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Helpful Tips for the Return to your Suburban Train Commute

If you’ve been wondering what it’s going to be like to commute again, here’s what I’ve recently experienced when I resumed my train ride to New York City.

I’ve been working from home for the better part of the past eighteen months. Though it’s surprising how much one is able to accomplish with remote video production technologies, the best video creation moments are often achieved through face-to-face interactions.

Yes, I know we’re still in the middle of the pandemic. But I’m vaccinated, and you can’t really stay in the bubble of your home forever. So, it was inevitable that the time would come for me to resume my train commute from Connecticut. Last week, I returned to my daily treks to New York City on Metro North.

If you’re on the cusp of your own return to the office and are about to restart your daily commute, you may need a few days to get back into the swing of things. That first week can feel like a marathon.

Here are some notes from my own experience.

Don’t Stray from your Pre-Commute Schedule
It’s an obvious point, but you can no longer simply roll out of bed and switch on your computer to begin your work day. You need to give yourself enough time to get presentable and out the door. (Zoom sweatpants don’t usually work in public settings.)

And you’ve got to move quickly. As I’ve said to my eleven-year-old son, the train doesn’t wait for you. You’ve got to be there when it arrives.

Yes, I made it to my train platform in time, but those last few minutes were uncomfortably tight. (On one day, I was running so late that I was forced to leave behind my beautiful bowl of oatmeal mixed with apples, raisins and banana.)

Say Goodbye to your Refrigerator
Speaking of food, if you’ve grown accustomed to your particular morning and afternoon snacks, you’ve now got to pack them. Sure, there’s plenty of food available in New York City, but it can be inconvenient to have to go out and hunt for it, especially when you’re hungry.

Unfortunately, your own fridge isn’t around the corner anymore.

Enjoy the Empty Train Ride
Happily, my usually packed parking lot had plenty of open spots for my car. And the Metro North trains I took were all relatively empty. Middle seats remained unoccupied, and nobody had to stand. Social distancing was easy.

And yes, everyone behaved and wore a mask.

Prepare for More Steps in your Day
Like me, you’ll probably see this as a real benefit. (Sitting in your home office can quickly generate a sedentary existence.)

While more walking is great, you may unexpectedly find yourself a little tired at the end of those first days. (I did.)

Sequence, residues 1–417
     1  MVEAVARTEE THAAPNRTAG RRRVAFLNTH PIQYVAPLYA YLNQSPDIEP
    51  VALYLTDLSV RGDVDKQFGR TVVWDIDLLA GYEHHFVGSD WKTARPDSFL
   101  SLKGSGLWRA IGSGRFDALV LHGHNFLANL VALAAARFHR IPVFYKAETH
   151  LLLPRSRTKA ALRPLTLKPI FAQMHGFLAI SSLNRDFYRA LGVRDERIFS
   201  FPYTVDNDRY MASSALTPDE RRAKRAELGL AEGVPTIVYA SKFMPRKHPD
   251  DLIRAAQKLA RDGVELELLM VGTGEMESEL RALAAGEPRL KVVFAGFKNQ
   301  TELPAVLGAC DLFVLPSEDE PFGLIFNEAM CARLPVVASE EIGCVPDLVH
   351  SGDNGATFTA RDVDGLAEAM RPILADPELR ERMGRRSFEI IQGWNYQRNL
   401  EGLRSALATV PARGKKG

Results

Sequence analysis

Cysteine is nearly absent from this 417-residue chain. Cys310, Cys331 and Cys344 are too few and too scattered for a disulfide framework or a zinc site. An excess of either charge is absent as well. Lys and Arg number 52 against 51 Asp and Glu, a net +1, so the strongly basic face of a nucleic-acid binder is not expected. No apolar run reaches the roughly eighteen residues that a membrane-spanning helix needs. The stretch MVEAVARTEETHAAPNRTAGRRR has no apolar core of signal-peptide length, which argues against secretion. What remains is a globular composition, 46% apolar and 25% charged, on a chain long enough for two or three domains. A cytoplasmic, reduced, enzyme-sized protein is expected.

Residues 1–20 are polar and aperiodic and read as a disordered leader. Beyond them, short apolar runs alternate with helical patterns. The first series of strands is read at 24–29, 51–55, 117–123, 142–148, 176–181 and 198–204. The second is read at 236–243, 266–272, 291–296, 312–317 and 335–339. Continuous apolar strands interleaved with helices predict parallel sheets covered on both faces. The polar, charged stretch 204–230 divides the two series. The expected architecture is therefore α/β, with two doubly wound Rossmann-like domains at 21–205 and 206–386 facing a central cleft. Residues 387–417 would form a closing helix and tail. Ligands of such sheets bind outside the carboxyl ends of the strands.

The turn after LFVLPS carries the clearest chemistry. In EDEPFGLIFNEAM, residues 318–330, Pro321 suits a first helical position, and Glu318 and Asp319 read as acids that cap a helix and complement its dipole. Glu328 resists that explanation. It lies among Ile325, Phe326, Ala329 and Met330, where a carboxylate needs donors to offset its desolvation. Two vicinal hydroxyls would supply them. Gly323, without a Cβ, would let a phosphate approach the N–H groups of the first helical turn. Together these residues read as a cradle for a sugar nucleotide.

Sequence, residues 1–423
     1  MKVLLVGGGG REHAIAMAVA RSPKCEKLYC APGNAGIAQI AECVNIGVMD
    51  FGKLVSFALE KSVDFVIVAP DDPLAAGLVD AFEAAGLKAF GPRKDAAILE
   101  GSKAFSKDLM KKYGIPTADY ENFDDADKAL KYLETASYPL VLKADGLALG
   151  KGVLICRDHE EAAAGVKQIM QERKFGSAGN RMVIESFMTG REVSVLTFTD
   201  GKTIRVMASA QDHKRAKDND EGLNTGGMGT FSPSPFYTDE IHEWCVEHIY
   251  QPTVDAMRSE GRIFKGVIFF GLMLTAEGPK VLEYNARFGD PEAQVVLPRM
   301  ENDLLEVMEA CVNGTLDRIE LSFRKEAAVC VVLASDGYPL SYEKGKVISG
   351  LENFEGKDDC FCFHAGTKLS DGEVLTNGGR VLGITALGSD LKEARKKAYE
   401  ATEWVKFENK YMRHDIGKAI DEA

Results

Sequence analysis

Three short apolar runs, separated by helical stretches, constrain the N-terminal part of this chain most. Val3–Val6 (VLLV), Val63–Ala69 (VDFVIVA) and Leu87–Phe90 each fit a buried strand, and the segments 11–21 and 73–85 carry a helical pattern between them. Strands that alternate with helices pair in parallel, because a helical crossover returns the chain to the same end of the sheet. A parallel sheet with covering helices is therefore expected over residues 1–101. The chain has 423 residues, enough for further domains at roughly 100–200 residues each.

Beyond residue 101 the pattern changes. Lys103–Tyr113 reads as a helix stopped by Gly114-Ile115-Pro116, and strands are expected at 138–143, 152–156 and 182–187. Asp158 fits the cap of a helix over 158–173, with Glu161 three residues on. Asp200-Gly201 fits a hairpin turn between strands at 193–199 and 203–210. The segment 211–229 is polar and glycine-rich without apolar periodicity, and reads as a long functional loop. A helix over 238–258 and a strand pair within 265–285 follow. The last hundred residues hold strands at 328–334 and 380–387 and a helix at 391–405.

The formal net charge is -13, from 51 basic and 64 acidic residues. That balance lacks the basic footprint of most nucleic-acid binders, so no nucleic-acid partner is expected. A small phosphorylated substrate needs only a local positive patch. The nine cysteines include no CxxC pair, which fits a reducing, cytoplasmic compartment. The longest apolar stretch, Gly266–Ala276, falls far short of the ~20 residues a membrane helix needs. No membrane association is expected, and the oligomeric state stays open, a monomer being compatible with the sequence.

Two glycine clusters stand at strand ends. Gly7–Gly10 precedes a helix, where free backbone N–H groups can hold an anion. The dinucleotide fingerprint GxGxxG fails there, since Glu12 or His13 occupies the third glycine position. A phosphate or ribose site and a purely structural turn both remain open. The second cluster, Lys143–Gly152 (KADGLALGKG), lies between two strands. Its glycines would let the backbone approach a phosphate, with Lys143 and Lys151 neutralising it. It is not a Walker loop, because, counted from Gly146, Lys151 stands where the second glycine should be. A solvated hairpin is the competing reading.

It’s simply a change of pace, and you’ve got to get used to it again.

Get More Sleep
Your commute will, of course, cut into your former non-travel free time. You may feel the urge to say up later at night to find that additional hour for ‘me time.’ But I think stealing from sleep is an unsustainable solution. It may seem counterintuitive, but if anything, you’re going to need a little more sleep for a while. That should help your body and mind accommodate your new schedule.

I baked a little more sleep into my rotation and found it really helpful in handling my next day.

Time to Stream!
Commuting on a Metro North train is a relatively comfortable experience. And it’s simple to pull out your smartphone or laptop and pretend that you’ve never left your home office. Or if you want to catch up on your Netflix fix, a train commute can be a perfect time for that.

Yay!

Expect an Adjustment
The reality is the train commute is mostly the same as before the pandemic, except that there aren’t as many people (at least not yet).

The real difference is simply having to get used to it again. It can take a few days.

As you get back to your own future, I recommend that you plan for this adjustment period.

Good luck and be safe!

Our Trip to Mystic Seaport

The Charles W. Morgan, America’s oldest commercial ship still in existence, undergoes maintenance at Mystic Seaport Museum.

I just drove my family up to Mystic Seaport Museum and met up with two other families to explore the historic ships and experience the recreated fishing village. It was a fantastic Connecticut day trip and a fitting conclusion to our eleven-year-old son’s summer vacation.

Mystic Seaport Time-lapse Looking at Fire Fighter
Mystic Seaport Looking Past Wooden CartMystic Seaport Looking Past Fire Fighter

Fire Fighter
Though the big attraction at the museum is the Charles W. Morgan, the last wooden whaleship in the world, my favorite part of the day was our small guided tour of Fire Fighter, the first diesel-electric fireboat. It was built in 1938 to protect New York City’s harbor and had the distinction as the most powerful fireboat in the world for many years. A National Historic Landmark, it was decommissioned in 2010.

As I walked through Fire Fighter, I felt like I had been transported back in time. The vessel is operational and still very much alive. My experience was quite visceral and entirely different from other museum ships I’ve visited.




The Pull of History
Mystic, Connecticut is, of course, also home to Mystic Aquarium. My family and I checked that fabulous day trip off our list a few years back. On the way out, we briefly stopped by Mystic Seaport and peered past the gates. I felt the strong currents of history beckoning us to return.

I’m so glad we finally did.

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